Aybar, the shortstop, and Kendrick, the second baseman, were at U.S. Cellular Field, in uniform, gloves in hand, during workouts before Friday night's series opener against the White Sox.
According to manager Mike Scioscia, Aybar and Kendrick will take batting practice on Saturday and begin to run on Monday when the Angels return home to face the Yankees.
"They're coming along, making progress," Scioscia said. The hope is that both Aybar and Kendrick will be able to get back in the lineup with enough time to get their timing right for the postseason -- not that you'll hear Scioscia mention the postseason until the magic number, six coming into the series, is reduced to zero.
To increase his middle-infield flexibility and options, Scioscia moved Chone Figgins from third to second on Friday night, with Sean Rodriguez at shortstop and Robb Quinlan at third against southpaw Mark Buehrle.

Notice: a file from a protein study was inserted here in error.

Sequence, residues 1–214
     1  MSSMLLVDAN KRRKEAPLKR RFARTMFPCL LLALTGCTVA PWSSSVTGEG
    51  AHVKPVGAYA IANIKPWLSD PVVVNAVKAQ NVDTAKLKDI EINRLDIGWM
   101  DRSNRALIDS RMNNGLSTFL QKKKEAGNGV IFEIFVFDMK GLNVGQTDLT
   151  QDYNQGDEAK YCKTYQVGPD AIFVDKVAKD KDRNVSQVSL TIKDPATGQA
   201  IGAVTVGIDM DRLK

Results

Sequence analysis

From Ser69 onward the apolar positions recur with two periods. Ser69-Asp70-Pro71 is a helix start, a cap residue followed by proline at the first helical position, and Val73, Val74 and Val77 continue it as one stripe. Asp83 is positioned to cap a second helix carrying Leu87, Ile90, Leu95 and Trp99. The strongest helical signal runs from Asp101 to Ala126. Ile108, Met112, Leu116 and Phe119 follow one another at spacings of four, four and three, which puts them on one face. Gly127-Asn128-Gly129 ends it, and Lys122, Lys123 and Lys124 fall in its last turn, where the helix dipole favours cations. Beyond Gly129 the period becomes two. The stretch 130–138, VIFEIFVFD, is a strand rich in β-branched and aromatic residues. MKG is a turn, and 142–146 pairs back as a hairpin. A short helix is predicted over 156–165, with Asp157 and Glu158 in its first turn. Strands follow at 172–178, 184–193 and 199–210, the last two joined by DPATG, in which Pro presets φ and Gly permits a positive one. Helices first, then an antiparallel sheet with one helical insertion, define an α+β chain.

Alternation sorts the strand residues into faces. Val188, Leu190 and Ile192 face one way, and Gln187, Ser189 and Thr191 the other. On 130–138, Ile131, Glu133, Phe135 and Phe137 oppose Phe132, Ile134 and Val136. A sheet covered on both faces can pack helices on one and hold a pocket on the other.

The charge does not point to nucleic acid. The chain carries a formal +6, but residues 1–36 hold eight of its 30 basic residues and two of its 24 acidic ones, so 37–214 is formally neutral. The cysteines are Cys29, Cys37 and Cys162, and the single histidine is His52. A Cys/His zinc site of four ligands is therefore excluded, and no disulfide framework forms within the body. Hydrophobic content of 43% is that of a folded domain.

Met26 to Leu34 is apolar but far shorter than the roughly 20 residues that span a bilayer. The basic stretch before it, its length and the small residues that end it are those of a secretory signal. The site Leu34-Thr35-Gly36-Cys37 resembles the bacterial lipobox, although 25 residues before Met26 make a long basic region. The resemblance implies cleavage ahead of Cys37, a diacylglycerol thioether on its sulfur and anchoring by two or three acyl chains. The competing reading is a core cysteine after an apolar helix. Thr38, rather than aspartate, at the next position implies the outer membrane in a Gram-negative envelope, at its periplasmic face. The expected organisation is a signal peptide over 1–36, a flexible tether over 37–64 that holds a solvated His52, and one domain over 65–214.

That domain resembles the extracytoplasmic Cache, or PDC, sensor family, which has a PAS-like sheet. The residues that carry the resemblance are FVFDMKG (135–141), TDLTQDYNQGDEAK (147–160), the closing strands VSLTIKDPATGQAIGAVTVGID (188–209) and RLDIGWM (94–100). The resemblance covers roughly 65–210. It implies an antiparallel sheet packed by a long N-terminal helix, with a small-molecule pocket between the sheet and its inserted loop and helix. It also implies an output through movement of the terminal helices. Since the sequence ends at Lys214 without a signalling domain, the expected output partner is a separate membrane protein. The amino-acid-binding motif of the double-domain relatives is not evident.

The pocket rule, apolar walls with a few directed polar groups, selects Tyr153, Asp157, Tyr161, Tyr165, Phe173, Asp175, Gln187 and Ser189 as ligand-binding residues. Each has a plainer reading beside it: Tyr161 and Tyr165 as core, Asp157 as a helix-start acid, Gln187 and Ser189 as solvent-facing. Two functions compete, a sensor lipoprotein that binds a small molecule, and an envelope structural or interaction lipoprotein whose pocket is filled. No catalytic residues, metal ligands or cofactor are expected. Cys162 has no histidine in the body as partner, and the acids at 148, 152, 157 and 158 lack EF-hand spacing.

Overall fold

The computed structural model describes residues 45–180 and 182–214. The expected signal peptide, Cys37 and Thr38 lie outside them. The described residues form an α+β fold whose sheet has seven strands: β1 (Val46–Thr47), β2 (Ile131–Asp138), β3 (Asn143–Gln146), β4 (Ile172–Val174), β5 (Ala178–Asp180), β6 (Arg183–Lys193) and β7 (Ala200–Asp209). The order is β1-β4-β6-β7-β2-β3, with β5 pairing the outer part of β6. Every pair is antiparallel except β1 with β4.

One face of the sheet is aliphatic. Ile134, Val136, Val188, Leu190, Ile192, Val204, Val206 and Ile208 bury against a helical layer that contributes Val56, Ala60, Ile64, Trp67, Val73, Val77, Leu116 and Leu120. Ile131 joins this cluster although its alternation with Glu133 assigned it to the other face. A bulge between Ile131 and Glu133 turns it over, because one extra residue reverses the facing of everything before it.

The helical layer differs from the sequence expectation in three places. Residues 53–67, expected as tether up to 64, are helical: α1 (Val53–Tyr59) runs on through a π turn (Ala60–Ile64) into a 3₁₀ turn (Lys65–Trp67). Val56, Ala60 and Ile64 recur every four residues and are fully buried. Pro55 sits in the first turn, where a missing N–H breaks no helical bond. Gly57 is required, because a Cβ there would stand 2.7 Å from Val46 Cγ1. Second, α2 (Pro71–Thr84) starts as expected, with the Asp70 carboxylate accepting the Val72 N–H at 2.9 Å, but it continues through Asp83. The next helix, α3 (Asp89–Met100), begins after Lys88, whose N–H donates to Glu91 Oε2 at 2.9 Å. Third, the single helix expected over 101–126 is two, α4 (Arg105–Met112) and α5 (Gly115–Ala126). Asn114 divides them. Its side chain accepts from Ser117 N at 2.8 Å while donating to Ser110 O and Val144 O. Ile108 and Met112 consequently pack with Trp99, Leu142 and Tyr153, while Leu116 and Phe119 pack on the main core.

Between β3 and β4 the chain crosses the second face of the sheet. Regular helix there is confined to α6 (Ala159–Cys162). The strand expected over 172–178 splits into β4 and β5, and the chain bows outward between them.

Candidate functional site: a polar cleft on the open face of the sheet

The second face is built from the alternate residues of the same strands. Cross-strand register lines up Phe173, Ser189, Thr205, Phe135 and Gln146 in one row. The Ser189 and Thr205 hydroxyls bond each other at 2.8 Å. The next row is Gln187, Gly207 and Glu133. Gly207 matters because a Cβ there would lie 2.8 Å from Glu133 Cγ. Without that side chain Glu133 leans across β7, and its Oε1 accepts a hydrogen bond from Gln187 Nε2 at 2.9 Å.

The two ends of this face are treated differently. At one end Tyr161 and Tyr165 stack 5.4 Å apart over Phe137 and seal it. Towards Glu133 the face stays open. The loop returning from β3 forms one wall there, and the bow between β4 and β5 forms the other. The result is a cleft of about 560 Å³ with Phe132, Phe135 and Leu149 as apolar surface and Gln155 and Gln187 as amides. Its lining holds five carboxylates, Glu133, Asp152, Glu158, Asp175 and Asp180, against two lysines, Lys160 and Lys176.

"It's something we've talked about internally," Scioscia said of Figgins returning, for a day at least, to second. "We need to create some more depth at second. It's a good night to give Q a start. He's got to stay in tune. Of all the positions Figgy has played, he's probably played the most at second. He's comfortable there."
Just the other day, Scioscia was promoting Figgins as a Gold Glove candidate at third, where he has excelled this season.
"It's no problem going back to second," Figgins said, grinning. "I'm pretty adaptable. I've been doing this a long time now."
Aybar has been sidelined since Aug. 27, when he left in the ninth inning against the A's with tightness in his left hamstring. While sharing shortstop with Maicer Izturis, out for the season after thumb surgery, Aybar missed 25 games with a dislocated right pinkie sustained on May 20 in Toronto.
Aybar, batting .277, has hit safely in 34 of his previous 44 games and is batting .308 with runners in scoring position as one of several options for Scioscia in the No. 2 hole.
Kendrick, batting .308, departed in the same game as Aybar five innings earlier after straining his left hamstring. The same injury cost him 42 games after a baserunning misadventure on April 13 in Seattle.
Kendrick, batting a team-high .380 with runners in scoring position, had been playing superior defense at the time of his injury, with only one error in 71 games.
Lyle Spencer is a reporter for MLB.com. This story was not subject to the approval of Major League Baseball or its clubs.